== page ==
UK business too focused on short term, says Labour report

image captionSir George Cox said short-termism was undermining the international competitiveness of British business

Short-termism has become an "entrenched feature" of British business and is damaging economic growth, a report for the Labour Party has said.

In the document former Institute of Directors boss Sir George Cox said overcoming a focus on short-term gains was the only way to ensure success.

He recommended making changes to executive pay so some rewards were based on longer-term results.

But the CBI says pay should be a matter for firms, rather than the government.

In his report, following a year-long review, Sir George, a former chief executive of IT company Unisys, said the pressure to deliver quick results to the potential detriment of the longer-term development of a company had "become an entrenched feature of the UK business environment".

He said almost three-fifths of the senior business leaders he had consulted believed short-term thinking was a major or a significant impediment to economic growth.

'Economic prosperity'

Sir George said: "Short-termism curtails ambition, inhibits long-term thinking and provides a disincentive to invest in research, new capabilities, products, training, recruitment and skills."

This meant businesses were not developing the "internationally competitive businesses and industries that are essential to the UK's future economic prosperity".

The UK's Corporate Governance Code should be extended to ensure sufficient long-term incentives are incorporated into the pay of executives and non-executive directors, he suggested.

The code could call for at least 30% of executive directors' pay to be deferred and based on long-term results, said Sir George.

Changes also had to be made to the rules for takeovers, he went on - so that investors and businesses could build for the long-term, adding that a new mechanism was needed to ensure major infrastructure decisions were made for the long term and not subject to political cycles.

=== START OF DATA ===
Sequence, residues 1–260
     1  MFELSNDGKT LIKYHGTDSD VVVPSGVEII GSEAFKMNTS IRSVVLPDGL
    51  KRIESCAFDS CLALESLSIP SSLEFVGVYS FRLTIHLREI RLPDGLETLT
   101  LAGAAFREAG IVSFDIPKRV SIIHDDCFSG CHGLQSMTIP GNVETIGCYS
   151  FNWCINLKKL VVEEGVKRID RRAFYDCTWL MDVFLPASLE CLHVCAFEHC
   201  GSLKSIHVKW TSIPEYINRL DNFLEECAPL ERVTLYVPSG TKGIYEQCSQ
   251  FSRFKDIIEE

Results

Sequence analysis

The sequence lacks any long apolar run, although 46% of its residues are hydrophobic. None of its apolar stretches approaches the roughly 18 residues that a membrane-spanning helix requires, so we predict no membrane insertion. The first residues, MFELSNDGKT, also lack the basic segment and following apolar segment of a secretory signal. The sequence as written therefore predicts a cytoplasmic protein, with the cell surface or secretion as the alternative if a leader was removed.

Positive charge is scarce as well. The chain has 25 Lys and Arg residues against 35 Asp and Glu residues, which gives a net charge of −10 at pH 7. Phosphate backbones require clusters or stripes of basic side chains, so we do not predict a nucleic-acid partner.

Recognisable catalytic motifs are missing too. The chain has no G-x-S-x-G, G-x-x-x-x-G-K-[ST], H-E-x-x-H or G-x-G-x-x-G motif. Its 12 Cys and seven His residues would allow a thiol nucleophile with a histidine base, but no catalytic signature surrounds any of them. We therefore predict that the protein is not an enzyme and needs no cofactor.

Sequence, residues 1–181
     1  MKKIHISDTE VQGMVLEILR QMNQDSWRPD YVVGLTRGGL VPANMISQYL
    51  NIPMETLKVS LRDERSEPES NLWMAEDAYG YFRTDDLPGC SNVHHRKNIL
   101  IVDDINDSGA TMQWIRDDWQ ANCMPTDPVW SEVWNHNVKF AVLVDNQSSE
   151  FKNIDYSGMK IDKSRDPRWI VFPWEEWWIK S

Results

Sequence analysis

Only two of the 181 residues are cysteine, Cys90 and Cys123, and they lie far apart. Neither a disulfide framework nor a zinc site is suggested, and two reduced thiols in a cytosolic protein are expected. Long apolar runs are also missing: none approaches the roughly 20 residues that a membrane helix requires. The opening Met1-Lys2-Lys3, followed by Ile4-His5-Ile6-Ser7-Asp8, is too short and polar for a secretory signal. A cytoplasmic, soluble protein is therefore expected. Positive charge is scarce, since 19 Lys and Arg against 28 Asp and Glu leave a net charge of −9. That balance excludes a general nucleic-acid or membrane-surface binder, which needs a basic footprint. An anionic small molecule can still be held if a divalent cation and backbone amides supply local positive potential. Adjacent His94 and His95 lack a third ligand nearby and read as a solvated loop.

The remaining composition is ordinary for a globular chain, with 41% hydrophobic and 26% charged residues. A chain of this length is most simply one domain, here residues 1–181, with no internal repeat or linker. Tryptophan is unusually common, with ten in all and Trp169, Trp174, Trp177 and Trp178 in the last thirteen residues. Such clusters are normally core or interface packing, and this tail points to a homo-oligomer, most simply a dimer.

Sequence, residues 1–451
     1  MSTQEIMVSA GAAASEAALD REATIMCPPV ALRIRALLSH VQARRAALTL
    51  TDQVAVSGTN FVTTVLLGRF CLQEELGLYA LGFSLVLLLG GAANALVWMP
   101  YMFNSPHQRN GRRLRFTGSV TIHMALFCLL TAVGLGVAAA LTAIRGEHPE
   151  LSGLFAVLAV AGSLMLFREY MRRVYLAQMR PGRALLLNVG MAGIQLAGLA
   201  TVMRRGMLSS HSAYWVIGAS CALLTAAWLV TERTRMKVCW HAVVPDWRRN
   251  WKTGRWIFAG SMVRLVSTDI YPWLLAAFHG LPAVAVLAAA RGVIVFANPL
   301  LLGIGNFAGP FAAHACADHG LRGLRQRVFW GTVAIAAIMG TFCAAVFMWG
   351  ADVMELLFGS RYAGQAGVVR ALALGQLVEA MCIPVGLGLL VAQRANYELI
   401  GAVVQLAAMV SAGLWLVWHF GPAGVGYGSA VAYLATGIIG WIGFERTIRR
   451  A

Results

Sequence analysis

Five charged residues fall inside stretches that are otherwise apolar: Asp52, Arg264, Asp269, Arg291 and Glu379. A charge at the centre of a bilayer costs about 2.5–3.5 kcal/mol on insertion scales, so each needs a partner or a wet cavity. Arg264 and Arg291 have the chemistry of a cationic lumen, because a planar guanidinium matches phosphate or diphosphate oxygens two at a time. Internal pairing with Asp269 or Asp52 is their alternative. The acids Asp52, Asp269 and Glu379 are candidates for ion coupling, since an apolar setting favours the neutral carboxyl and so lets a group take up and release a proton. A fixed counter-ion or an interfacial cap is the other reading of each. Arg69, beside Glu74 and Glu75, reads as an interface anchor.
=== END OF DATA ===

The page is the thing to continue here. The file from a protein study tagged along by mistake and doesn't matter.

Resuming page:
Sir George recommended a sliding scale for capital gains tax on shares. This would mean a 50% levy if they were sold within a year, reducing to 10% after a decade.

Sir George said the economy would only grow if short-termism were overcome, adding: "Economic growth needs to become an objective, with strategies to achieve it, not a forecast on which all other decisions are dependent."

Conservative backbencher Jesse Norman, who belongs the Free Enterprise Group - which has called on the chancellor to cut corporation tax in the forthcoming Budget- told the BBC's Daily Politics the report was "helpful and interesting" in addressing short-term structural issues of government and business.


He said the government needed a long-term investment strategy for those areas of the economy where the UK was traditionally strong, such as the creative industries and pharmaceuticals,

"Nothing would fill me with more worry than an industrial strategy in the old school, but what this does in a splendidly un-Labourite way is share out a series of good ideas which could be adopted by both parties," he said.

In a speech to the manufacturers organisations EEF, shadow chancellor Ed Balls committed Labour to studying "with great care" Sir George's proposals and he urged the government to adopt the plans "before we get the chance".

"Sir George is right to argue that we need to set a clear direction to encourage the long-termism we badly need in British business," he said.

"This is central to our vision of a One Nation economic policy - an economy which invests and works for the long-term and uses the talents of all and not just a few.

"Even with action now to kick-start the recovery alongside a balanced plan for deficit reduction, we cannot secure Britain's long-term future unless we fundamentally reform the way our economy works," he added.

The CBI supports some of the report's recommendations but is warning that changing takeover rules would be a "big step" which should not be rushed and that remuneration of company directors should be a matter for shareholders, not government.

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